Free-surface flow and vortex formation in the continuous cast molding
Overview: Continuous casting is used to manufacture more than 90% of steel in the world, so understanding and optimizing the process is important to minimize defects in steel, most of which being associated with surface flow structure in the mold. Asymmetric surface flow in the mold is one of the main phenomena attributed to cause inclusion entrainment, which can make “sliver” defects in the rolled product, caused by inclusions being trapped in the solidifying shell in the mold.
The challenge: The nozzle flow pattern can be altered by various unexpected elements, such as slight deposition of impurities forming clogged regions, resulting in asymmetric flow in the mold. This in turn may lead to rapid interface deformations on one side of the mold, causing free-surface level fluctuations, vortices and instability of the interfacial layer between the molten steel and liquid mold flux. These phenomena can entrain liquid mold flux into the molten steel, inducing entrapment of inclusions into the solidifying steel shell.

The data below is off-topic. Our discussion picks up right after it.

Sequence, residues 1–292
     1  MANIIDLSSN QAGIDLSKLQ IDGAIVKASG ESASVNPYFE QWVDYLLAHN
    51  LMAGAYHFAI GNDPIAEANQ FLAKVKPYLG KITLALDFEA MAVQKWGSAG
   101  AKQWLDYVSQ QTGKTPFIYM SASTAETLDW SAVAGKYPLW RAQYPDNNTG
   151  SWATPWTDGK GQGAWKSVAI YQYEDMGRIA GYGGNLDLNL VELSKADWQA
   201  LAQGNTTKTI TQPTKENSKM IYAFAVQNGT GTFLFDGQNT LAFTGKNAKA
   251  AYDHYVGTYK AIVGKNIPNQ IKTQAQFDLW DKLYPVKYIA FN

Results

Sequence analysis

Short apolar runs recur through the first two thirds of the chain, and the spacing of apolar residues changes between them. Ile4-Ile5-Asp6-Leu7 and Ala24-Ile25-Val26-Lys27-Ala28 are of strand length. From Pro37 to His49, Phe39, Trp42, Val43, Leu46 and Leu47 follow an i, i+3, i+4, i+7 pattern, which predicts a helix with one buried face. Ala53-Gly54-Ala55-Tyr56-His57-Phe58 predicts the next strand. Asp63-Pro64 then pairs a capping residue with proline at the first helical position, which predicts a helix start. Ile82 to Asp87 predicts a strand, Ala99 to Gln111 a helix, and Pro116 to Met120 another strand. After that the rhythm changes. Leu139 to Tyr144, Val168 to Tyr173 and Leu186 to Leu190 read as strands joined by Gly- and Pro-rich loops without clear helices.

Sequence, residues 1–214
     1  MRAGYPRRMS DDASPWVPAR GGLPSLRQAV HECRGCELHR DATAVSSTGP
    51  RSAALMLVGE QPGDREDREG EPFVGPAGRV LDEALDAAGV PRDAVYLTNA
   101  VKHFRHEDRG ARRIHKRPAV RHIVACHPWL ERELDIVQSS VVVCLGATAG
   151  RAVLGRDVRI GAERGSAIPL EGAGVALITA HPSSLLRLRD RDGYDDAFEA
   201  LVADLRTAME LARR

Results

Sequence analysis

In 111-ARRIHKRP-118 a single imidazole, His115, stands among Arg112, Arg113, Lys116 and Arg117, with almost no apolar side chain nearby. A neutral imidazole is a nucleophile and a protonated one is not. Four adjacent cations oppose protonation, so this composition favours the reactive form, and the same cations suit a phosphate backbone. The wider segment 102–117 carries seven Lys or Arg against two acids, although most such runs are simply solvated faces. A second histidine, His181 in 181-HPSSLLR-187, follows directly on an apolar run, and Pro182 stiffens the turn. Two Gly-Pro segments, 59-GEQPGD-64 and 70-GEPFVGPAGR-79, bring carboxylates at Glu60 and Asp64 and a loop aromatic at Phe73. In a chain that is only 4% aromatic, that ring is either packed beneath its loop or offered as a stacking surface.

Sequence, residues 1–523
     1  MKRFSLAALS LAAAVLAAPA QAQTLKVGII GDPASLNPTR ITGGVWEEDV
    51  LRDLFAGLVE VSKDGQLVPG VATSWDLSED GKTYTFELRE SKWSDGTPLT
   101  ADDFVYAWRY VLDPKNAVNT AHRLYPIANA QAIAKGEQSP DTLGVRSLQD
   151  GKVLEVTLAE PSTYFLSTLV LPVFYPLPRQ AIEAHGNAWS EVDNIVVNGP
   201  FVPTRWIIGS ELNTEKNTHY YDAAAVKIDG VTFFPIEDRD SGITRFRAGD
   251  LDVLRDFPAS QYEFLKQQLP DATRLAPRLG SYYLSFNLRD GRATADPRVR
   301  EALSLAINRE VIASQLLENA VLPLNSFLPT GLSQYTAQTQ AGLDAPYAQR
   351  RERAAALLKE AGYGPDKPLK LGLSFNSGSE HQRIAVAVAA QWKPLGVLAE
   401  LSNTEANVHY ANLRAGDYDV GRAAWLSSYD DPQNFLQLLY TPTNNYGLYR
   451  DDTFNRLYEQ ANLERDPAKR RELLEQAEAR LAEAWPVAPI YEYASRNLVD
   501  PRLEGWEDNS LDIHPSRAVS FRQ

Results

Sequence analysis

TransAT Solution: Use of a subtle model combination in TransAT consisting of the level-set model for surface deformations and LES for turbulence (LEIS) turned out to be the right way to tackle this problem. In particular, the model predicts surface fluctuations and interactions with turbulence, surface vortexting as shown in the 2nd panel, and the currents induced in the liquid bath and the consequent mixing. The model has recently been completed by heat transfer and phase change capabilities, which could deal with real casting problems.
InfoExpert: Contact our expert
Jan van Rickenbach
Tel. + 41-44-445-4073